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Iran's Religious Minority Speaks Out On Elections

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Iran's Religious Minority Speaks Out On Elections

Iran's Religious Minority Speaks Out On Elections

Iran's Religious Minority Speaks Out On Elections

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  • <iframe src="" width="100%" height="290" frameborder="0" scrolling="no" title="NPR embedded audio player">
  • Transcript

Members of the Baha'i faith, Iran's largest religious minority, have long been discriminated against and persecuted by the Islamic Republic of Iran government. Farhad Sabetan, an official within the Baha'i faith community, offers a reaction to the recent elections.


Now we go to Farhad Sabetan, spokesman for the Baha'i International Community. The Baha'is are considered Iran's second largest religious minority after Sunni Muslims. But the Iranian government does not recognize the religion and many say Ahmadinejad has continued to prosecute its members, which raises questions about why official vote totals show larger margins for Ahmadinejad in this election than in his first election four years ago. Mr. Sabetan is with us now. Thank you for joining us.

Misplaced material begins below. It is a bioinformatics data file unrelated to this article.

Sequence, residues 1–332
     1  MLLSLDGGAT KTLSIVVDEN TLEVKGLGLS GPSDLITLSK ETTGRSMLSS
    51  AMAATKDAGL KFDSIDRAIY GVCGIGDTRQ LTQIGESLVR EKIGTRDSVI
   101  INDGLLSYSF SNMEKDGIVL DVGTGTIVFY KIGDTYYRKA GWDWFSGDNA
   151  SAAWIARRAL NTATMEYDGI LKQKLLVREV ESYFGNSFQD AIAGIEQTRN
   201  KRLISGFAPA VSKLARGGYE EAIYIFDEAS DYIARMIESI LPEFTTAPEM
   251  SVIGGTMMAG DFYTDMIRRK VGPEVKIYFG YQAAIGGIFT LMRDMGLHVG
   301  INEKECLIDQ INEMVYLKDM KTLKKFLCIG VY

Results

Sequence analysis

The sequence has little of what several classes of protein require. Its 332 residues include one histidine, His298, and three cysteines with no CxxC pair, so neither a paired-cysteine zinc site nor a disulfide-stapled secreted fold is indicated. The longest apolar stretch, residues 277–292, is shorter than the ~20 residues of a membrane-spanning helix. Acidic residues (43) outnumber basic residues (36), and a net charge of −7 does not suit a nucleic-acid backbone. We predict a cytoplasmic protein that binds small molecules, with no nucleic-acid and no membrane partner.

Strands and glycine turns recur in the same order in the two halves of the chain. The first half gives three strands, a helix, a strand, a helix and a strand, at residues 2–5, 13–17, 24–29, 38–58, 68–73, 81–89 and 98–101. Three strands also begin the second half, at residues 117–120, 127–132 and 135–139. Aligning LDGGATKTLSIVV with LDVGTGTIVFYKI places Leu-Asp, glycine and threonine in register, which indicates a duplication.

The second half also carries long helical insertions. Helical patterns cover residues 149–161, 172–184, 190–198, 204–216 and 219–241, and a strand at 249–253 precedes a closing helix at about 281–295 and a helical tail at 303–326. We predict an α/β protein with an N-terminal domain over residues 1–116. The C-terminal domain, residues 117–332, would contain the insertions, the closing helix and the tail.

Mr. FARHAD SABETAN (Spokesman, Baha'i International Community): Thank you for having me. It's wonderful to be here.

MARTIN: What is the significance of religion in Iranian politics? It's my understanding that Sunnis consider themselves to be a religious minority even though they are Muslim. And after that, the Baha'is are the second largest religious minority in Iran. But what is the significance of that?

Mr. SABETAN: Well, as you know, the Iranian Revolution was started based on a religious movement. You know, Ayatollah Khamenei created an Islamic Republic. So religion and politics is very much enmeshed and mixed with Iranian politics, even though the Iranians right now, especially the reformers, are very much advocating separation of church and state. They want to keep religion separate from politics.

MARTIN: And what is the status of Baha'is in Iran? Do they enjoy the full civil rights? Can they vote? Can they participate in politics?

Mr. SABETAN: Yes, the Baha'is are allowed to vote, but unfortunately they are deprived of many civil, economic, and social rights. The Baha'i faith is not mentioned in the Iranian Constitution as a religion, it's not recognized. And as such, the Baha'is have been executed. In the beginning of the revolution more than 200 Baha'is have been killed. Hundreds of Baha'is have been put in prison. Thousands of Baha'is have their possessions, their homes, and properties. Thousands of students have been deprived of the right to higher education and even Baha'i cemeteries have not been immune from the prosecution by the Iranian government.

MARTIN: But why is that? I mean Christianity and Judaism are mentioned in the Iranian Constitution, why are - the fact that the Baha'i is not being recognized, why? Is that because they are considered apostates or - why?